I guess what I am saying is that I don't think anyone here would challenge your right to hold beliefs about how things work. We all do. But at the same time you have to accept that by the scientific method what has been presented here is justified and 'correct' (for a given value of correct!). It meets the required level of proof to be accepted as the best theory out there - which may be different from reaching your own personal threshold to displace your own beliefs.
    Well put Shaula. I'm not trying to be confrontational, but I do have nagging
    uncertainties about some accepted scientific beliefs, so am trying to put those
    ideas to rest by methodically working through them. And I appreciate the help.

  18. #78
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    Lightbulb Are parallax distances valid?

    Quote Originally Posted by Solon View Post
    I'm not trying to be confrontational, but I do have nagging uncertainties about some accepted scientific beliefs, so am trying to put those ideas to rest by methodically working through them.
    Then I suggest an equally methodical approach. Your ideas are not likely to be mutually exclusive. For instance, you did say ...

    Quote Originally Posted by Solon View Post
    The far UV emitting region above the earth is not reflected solar UV, it is from the ionisation of H in a charged region above the Earth, and if Alpha was a planet with the same process occurring, then it would also be a strong UV emitter, not reflector.
    Clearly the distance is critical. If in fact Alpha Centauri is light years away, as opposed to the 40 or so light minutes to Jupiter, then it cannot possible be a "planet" and still look as UV bright to us as it does. So the distance is the place to start. I suggest you drop every other subject and concentrate on that one single topic, since it is actually crucial to everything else. Obviously, if you have an object with fixed properties (e.g., brightness, size, etc.), its appearance must depend on its distance, no matter how you choose to observe it. If our local & cosmological distances are correct, then your ideas may become untenable. On the other hand, if you can show that those distances are not correct, then your ideas might stand a chance at validity.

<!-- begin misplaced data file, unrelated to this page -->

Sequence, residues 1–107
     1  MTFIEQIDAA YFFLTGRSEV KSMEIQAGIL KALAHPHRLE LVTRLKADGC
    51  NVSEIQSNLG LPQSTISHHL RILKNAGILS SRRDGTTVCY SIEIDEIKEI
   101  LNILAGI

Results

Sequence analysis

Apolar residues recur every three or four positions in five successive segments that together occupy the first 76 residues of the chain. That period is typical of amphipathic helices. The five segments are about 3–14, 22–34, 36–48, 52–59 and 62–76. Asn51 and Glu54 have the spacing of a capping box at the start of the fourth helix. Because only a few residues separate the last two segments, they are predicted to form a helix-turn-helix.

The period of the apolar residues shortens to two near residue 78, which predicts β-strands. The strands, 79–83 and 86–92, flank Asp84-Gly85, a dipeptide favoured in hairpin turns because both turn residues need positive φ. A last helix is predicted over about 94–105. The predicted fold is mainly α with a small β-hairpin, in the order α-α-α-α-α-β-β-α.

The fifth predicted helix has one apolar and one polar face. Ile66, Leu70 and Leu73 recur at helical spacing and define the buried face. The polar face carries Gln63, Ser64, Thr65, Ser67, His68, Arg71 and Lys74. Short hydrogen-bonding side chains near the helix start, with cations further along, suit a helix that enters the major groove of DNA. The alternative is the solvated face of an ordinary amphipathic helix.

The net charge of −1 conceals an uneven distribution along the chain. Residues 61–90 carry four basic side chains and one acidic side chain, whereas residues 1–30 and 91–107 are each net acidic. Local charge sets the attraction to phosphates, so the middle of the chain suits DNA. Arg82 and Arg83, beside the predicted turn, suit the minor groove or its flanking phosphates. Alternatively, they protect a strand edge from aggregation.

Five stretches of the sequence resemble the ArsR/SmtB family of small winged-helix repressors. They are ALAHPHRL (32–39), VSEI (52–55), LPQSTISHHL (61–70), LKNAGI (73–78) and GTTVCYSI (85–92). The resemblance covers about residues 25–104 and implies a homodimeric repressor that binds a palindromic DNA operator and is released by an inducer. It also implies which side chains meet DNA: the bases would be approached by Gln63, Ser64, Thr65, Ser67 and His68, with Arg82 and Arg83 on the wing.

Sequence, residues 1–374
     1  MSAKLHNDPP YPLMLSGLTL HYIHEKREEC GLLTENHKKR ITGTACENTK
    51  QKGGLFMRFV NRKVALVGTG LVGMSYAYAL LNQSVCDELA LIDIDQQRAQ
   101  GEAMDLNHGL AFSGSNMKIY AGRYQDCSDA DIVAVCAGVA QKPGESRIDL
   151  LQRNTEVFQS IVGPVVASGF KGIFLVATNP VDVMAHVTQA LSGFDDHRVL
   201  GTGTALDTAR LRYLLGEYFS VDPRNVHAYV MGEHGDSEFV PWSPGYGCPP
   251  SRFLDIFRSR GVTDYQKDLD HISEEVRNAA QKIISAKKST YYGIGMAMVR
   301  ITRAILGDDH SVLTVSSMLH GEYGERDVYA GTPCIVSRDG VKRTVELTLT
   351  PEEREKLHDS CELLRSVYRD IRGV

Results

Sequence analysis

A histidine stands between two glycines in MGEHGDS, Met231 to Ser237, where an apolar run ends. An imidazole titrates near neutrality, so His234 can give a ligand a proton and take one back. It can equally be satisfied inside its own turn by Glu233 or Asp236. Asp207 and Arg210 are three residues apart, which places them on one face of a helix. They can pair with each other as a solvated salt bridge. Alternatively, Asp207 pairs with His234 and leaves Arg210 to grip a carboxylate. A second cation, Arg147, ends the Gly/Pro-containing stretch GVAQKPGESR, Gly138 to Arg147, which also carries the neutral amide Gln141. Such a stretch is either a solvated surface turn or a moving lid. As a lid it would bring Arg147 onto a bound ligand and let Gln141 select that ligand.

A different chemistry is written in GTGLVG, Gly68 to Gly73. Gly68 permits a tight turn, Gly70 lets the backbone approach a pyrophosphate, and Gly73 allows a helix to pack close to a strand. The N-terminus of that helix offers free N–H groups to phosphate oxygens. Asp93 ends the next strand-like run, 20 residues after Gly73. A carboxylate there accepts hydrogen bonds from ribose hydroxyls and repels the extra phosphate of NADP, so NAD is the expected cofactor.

Just keep in kind that the moderators of BAUT are rather ruthless when it comes to advocating anti-mainstream ideas outside the ATM sub-forum. It's one thing to ask questions and probe how we know what we claim to know, but quite another too actively assert that our claims are wrong. The latter will have you bounced back to ATM, or sanctioned by the moderator staff. So tread lightly.

    Perhaps a new thread not on Apollo, but on Hipparcos. Why are the Hipparcos distances greatly suspect? We already know that they are slightly suspect, but there is a difference. With that in kind, you also said ...

    Quote Originally Posted by Solon View Post
    If these were exact sciences there would be no disagreement between Hubble and Hipparcos, there would be no negative parallax measurements, no need to apply weightings or 'probable error' numbers from a catalog.
    I am going to assert here & now that what you said here cannot be true (not "might not" but "can not"). Of course all of these are easily expected, and must happen in any exact science, distance measurements included. Negative parallaxes are the easiest to understand. They simply mean that the true distance to the object is too great for your distance measuring technology to measure it. What is the real significance, for instance, of a parallax that looks like -0.0000001 +/- 0.000002 arcseconds? Does this uncertainty range not include a good deal of positive number domain? Is it really a "negative parallax" or is it just a "lousy parallax"? Can you cite a truly negative measured parallax, which includes no positive domain in the uncertainty?

  19. #79
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    Originally Posted by Van Rijn:

    Third, what is your definition of "star"?
    Quote Originally Posted by Solon View Post
    ...Something that behaves like our Sun, but why the Sun behaves like it does, in
    my view of the Universe, is really a long way from the accepted model, so we'd
    better not go there right now. And it is not the Electric Sun model either...
    If you doubt the accepted model of the processes that occur in our sun then I suggest you start your search for understanding there. After you've reached an understanding of the accepted model of how our sun (and stars in general) works, you can then post questions about specific aspects of the accepted model that you don't understand.